The Corporate Responsibility Group (CRG) was a training and development network for corporate responsibility (CR) and sustainability practitioners in the United Kingdom. Founded in 1987, it was succeeded in January 2015 by spin-off Institute of Corporate Responsibility and Sustainability (ICRS).
John Joseph Paul Studzinski, CBE is an American-British investment banker and philanthropist. Since September 2018 he has been Managing Director and Vice Chairman of the global investment-management firm PIMCO.
The Mosaic Network is a charitable initiative founded by Charles, Prince of Wales in 2007 as part of 'The Prince's Programmes' at his charity "Business in the Community". The catalyst was a memorandum from The Prince of Wales to Julia Cleverdon, who was the chief executive officer of BITC, and John O'Brien MBE, who was the director of personal programmes. Although it sat well outside the normal focus of BITC, Cleverdon gave O'Brien a free remit to see what he could create. The initiative very quickly became formed a multiple set of initiatives which included, The Mosaic Schools Network, chaired by Princess Badiya bint El Hassan of Jordon, The Mosaic Speakers Bureau with individuals including Pinky Lilani, Asad Ahmad and many others. It also consisted of a media network launched at Channel 4.
Philip Nevill Green CBE is a British business executive. He was chairman of Carillion from May 2014 until Carillion entered compulsory liquidation in January 2018. Green was chairman of BakerCorp from June 2011 until December 2017.
Bekeme Masade-Olowola is a Nigerian social entrepreneur, a member of the Board of Directors of the Global Reporting Initiative (GRI) – the world's leading sustainability impact measurement and reporting standards body – and the Chief Executive of CSR-in-Action, a group made of a consulting firm, a think tank and a training institute dedicated to corporate social responsibility, policy development, advocacy, empowerment and sustainable development in the region.
East London Business Alliance (ELBA) is a British business-community outreach charity promoting corporate social responsibility (CSR) and employee volunteering. A 'partnership of substantial businesses engaged in the social and economic regeneration of East London', it operates in the Boroughs of Tower Hamlets, Hackney, Newham, Waltham Forest, and, under the name the BIG Alliance, in Islington.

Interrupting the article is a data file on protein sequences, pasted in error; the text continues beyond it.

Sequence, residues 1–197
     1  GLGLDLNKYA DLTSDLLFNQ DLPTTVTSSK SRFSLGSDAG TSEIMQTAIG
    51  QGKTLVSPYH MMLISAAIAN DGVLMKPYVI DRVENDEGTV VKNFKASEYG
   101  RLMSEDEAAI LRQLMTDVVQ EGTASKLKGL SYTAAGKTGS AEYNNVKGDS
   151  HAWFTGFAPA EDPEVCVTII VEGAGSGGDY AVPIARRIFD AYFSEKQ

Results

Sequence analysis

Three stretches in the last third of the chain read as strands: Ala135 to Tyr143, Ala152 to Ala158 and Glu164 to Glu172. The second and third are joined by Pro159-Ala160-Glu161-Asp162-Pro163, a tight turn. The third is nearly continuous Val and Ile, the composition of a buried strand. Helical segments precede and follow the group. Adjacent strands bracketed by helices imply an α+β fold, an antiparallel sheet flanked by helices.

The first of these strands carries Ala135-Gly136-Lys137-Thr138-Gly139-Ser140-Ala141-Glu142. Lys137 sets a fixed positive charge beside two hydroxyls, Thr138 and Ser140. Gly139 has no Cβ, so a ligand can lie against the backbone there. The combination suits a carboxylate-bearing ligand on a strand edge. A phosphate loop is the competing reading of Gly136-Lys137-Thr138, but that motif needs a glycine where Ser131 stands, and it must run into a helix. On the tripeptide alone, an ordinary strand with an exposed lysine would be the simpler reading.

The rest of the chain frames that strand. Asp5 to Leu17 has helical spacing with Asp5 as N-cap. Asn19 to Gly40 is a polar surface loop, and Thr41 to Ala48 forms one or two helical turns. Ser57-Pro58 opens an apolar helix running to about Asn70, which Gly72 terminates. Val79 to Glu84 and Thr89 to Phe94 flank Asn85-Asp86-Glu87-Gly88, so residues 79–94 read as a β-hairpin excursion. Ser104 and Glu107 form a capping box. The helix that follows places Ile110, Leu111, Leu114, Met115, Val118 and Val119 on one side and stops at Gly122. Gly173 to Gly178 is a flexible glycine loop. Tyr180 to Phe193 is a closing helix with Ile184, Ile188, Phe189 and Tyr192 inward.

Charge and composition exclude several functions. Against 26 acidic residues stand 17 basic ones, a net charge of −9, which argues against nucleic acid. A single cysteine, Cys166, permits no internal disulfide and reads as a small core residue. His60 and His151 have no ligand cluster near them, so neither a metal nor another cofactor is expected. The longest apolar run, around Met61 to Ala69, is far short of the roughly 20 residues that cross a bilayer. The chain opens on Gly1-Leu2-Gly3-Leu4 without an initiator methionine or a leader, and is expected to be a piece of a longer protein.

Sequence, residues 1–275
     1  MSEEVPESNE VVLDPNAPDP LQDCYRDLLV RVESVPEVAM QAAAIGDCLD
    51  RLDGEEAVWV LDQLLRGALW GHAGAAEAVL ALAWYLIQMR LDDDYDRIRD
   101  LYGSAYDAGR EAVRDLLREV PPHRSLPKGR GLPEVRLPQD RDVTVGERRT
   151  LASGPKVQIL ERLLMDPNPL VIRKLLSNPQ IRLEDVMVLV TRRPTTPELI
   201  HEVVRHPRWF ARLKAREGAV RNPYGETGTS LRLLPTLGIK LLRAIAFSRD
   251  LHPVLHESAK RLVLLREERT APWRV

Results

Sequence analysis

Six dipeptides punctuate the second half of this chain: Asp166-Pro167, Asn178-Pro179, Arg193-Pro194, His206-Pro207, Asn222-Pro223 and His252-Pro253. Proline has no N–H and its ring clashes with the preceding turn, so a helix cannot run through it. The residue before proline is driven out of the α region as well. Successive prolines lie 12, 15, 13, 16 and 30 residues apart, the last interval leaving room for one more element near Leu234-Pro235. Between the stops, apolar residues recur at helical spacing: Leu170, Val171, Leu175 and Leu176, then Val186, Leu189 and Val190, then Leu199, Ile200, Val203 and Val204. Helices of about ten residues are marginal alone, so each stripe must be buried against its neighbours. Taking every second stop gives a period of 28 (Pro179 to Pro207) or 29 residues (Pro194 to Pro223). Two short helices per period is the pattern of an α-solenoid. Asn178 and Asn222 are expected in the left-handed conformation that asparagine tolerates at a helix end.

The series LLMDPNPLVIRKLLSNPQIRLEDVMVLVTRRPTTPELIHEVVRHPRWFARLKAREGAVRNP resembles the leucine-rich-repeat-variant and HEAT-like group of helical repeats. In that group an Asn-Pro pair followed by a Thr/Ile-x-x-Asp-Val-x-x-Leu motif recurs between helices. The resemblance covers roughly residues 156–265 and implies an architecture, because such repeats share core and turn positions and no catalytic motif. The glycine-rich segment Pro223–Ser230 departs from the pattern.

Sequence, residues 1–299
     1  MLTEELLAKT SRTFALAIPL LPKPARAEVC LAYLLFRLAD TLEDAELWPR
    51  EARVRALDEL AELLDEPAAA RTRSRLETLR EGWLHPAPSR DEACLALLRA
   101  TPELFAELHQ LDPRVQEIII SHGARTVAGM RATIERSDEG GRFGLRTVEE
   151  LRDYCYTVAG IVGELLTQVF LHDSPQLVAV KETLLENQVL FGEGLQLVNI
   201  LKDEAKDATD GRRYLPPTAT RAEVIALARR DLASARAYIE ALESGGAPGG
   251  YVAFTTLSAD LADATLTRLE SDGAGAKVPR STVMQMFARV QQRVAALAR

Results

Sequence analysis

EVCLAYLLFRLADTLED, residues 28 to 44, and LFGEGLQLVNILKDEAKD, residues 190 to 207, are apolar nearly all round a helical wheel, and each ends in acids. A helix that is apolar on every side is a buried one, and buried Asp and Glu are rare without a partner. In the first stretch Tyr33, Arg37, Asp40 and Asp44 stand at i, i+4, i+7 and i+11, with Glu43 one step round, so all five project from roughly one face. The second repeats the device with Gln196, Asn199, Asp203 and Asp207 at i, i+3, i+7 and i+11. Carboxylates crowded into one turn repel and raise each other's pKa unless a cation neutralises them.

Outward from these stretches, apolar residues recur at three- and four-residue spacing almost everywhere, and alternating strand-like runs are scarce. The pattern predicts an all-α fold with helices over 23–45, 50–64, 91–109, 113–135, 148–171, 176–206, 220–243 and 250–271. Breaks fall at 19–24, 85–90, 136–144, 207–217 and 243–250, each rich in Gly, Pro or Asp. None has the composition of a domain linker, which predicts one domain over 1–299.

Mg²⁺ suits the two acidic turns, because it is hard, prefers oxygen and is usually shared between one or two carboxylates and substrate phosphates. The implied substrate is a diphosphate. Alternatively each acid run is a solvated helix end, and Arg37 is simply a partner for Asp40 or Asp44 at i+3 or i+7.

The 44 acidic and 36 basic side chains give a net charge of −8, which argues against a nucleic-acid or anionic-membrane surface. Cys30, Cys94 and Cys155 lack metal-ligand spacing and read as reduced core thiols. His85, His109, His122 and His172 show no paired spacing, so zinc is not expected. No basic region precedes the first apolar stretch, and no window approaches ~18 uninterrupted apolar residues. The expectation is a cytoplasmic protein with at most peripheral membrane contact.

Alex Otti is a Nigerian economist, banker, investor, philanthropist and politician. Otti is the former Group Managing Director of Diamond Bank Plc, a leading retail financial institution in Nigeria. Otti was a gubernatorial candidate of Abia State on the platform of All Progressives Grand Alliance (APGA). On 31 December 2015, The Court of Appeal which sat in Owerri removed Okezie Ikpeazu of the Peoples Democratic Party as governor of Abia State and declared Alex Otti of the All Progressives Grand Alliance, the winner of the April 11 and April 25 Governorship elections in the state. However, on February 3, 2016, the Supreme Court of Nigeria reversed the verdict of the Court of Appeal and affirmed the election of Ikpeazu as Governor. Dr. Alex Otti is a member of the editorial board of one of the most respected newspapers in Nigeria, Thisday, and writes a fortnightly column, every other Monday, titled "Outside The Box".
Headhunting The Homeless is a British documentary series for the BBC by John Walsh of Walsh Bros Ltd. This three part series followed five homeless people for over a year as they looked for employment on a new scheme involving two hundred companies, including Marks & Spencer, Pret a Manger and Wates Construction, following the work of Eva Hamilton MBE’s Business Action on Homelessness project as part of Business in the Community. The goal of this project was to try and break the cycle of homelessness for good, to challenge perceptions of homelessness, and to change the attitudes that business people have and in the process observe the demanding transition into the working world for homeless people. The series followed The Prince of Wales’ Seeing is Believing Programme and then pioneering a new multimillion pound Corporate Social Responsibility project, addressing attempting a new approach on CSR in relation to homelessness.
Raj Mamodia is an Indian American business executive. He is the current CEO of Brillio, a technology company spun off from Collabera in 2014. Prior to founding Brillio, Mamodia was CEO of Collabera.